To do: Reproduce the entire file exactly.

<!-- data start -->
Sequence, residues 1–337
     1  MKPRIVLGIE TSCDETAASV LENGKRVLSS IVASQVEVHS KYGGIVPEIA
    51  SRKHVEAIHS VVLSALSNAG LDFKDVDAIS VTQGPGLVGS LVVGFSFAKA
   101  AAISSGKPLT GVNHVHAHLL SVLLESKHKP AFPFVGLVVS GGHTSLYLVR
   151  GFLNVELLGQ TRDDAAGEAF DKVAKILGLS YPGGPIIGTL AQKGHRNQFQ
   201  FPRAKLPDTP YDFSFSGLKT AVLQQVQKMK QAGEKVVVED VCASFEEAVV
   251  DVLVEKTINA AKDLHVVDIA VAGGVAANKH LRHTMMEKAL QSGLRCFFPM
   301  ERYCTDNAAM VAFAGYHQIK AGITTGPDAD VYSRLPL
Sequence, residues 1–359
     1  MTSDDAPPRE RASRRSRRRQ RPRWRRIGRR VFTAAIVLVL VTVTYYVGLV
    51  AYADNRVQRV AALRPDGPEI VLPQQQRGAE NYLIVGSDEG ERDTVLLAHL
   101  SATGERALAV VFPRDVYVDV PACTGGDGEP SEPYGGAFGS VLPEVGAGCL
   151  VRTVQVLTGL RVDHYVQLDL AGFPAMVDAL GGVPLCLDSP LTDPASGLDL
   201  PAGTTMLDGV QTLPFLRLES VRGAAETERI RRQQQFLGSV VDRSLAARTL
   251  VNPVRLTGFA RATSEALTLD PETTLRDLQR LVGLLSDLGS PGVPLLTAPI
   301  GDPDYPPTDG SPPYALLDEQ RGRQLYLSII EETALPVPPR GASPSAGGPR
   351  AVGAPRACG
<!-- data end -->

Sequence, residues 1–337
     1  MKPRIVLGIE TSCDETAASV LENGKRVLSS IVASQVEVHS KYGGIVPEIA
    51  SRKHVEAIHS VVLSALSNAG LDFKDVDAIS VTQGPGLVGS LVVGFSFAKA
   101  AAISSGKPLT GVNHVHAHLL SVLLESKHKP AFPFVGLVVS GGHTSLYLVR
   151  GFLNVELLGQ TRDDAAGEAF DKVAKILGLS YPGGPIIGTL AQKGHRNQFQ
   201  FPRAKLPDTP YDFSFSGLKT AVLQQVQKMK QAGEKVVVED VCASFEEAVV
   251  DVLVEKTINA AKDLHVVDIA VAGGVAANKH LRHTMMEKAL QSGLRCFFPM
   301  ERYCTDNAAM VAFAGYHQIK AGITTGPDAD VYSRLPL
Sequence, residues 1–359
     1  MTSDDAPPRE RASRRSRRRQ RPRWRRIGRR VFTAAIVLVL VTVTYYVGLV
    51  AYADNRVQRV AALRPDGPEI VLPQQQRGAE NYLIVGSDEG ERDTVLLAHL
   101  SATGERALAV VFPRDVYVDV PACTGGDGEP SEPYGGAFGS VLPEVGAGCL
   151  VRTVQVLTGL RVDHYVQLDL AGFPAMVDAL GGVPLCLDSP LTDPASGLDL
   201  PAGTTMLDGV QTLPFLRLES VRGAAETERI RRQQQFLGSV VDRSLAARTL
   251  VNPVRLTGFA RATSEALTLD PETTLRDLQR LVGLLSDLGS PGVPLLTAPI
   301  GDPDYPPTDG SPPYALLDEQ RGRQLYLSII EETALPVPPR GASPSAGGPR
   351  AVGAPRACG